COLORADO SPRINGS — Neighbors in one El Paso County community are wondering, with almost 3000 new neighbors coming, will there be any water left for them?
Residents in the neighborhood off Mohawk Drive and Woodmen Road made their voices loud and clear in their public comments submitted to the city as leaders considered approving the nearly 3000 home Banning Lewis Ranch north development last month.
One nearby resident said they were “disappointed” to hear the news of the development.
News 5 stopped by their house on Wednesday, and while they didn’t want to speak on camera, they drew our attention to one paragraph of their response in particular.
“First is the water situation,’ they wrote.
They said they were concerned, because they depend on a well drawing nearby groundwater. They said they worried the new development could take away from their water source.
“We’re definitely alway kind of looking at what the future holds,” said Patrick Wells, General Manager for Water Resources and Demand Management at Colorado Springs Utilities.
News 5 took him the questions of that resident, as well as several others nearby.
“Is there going to be enough water for all of us,” one rsident asked.
“Nearly all of our water is surface-based supplies,” Wells said.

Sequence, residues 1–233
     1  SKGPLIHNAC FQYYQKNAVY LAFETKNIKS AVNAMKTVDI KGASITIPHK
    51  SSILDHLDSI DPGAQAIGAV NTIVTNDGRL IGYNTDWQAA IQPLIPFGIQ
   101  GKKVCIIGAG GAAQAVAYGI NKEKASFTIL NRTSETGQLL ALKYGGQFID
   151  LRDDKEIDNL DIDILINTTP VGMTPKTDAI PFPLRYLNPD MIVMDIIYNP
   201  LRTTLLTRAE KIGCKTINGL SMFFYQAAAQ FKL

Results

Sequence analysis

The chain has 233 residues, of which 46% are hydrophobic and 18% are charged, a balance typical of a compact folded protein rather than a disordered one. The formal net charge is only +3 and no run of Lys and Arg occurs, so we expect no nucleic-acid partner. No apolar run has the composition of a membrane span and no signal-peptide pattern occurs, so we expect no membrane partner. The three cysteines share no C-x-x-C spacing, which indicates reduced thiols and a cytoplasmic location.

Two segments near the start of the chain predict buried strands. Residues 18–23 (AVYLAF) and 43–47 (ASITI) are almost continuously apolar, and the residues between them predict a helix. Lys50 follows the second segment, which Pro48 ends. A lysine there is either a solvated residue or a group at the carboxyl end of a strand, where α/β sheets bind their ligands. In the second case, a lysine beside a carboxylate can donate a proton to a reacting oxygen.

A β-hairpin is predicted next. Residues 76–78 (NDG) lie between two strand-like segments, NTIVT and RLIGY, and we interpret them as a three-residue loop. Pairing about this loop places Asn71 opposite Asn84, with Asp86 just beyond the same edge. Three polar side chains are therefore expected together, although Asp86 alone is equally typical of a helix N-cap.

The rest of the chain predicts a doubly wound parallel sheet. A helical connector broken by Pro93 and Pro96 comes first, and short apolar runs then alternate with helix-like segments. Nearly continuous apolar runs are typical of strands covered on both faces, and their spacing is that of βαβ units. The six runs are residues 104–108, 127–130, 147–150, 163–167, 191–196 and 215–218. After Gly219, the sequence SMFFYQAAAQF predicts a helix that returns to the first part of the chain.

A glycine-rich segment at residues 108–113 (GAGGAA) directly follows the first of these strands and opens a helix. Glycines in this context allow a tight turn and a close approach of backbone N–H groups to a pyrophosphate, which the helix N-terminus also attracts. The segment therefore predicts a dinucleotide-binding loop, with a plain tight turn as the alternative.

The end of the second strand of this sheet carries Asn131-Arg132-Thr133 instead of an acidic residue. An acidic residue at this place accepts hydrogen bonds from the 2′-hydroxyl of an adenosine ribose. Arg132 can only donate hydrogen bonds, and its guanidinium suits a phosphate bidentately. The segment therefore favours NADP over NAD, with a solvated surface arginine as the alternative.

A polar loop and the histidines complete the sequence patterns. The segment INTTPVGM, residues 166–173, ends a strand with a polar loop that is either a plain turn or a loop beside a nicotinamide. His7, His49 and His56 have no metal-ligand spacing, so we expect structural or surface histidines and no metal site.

In short, he says there will be plenty of water to go around.
“About 40 or 50 percent of our supply comes from the Colorado River basin, so from remote watersheds along the continental divide,” he said.
The rest comes from a mix of other above-ground sources. Although, Wells said when the city annexes land, it does gain rights to the surrounding groundwater.
“We use that for very limited purposes,” Wells said.
That leads to another question.
“Will we be forced to go on city water someday,” one resident asked in their response.
“”It’s a complex question that I think we’re all trying to wrestle with,” Wells said.
That’s because, simply put, that groundwater is running dry.
“Specifically Denver-basin groundwater, which is the mainsource for aquifer water up there,” he said.
When that runs out, it may make sense for residents like this one to join up with city water.
“I think as a region we’re always trying to keep them in mind,” he said.
Wells said as new developments continue to go up the city is trying to make sure those developers build things in a way that use less water.
As for the possibility of Colorado Springs Utilities tapping into the groundwater they hold rights to, he says that would account for maybe one percent of the city’s total water supply--if they ever even tap into it at all.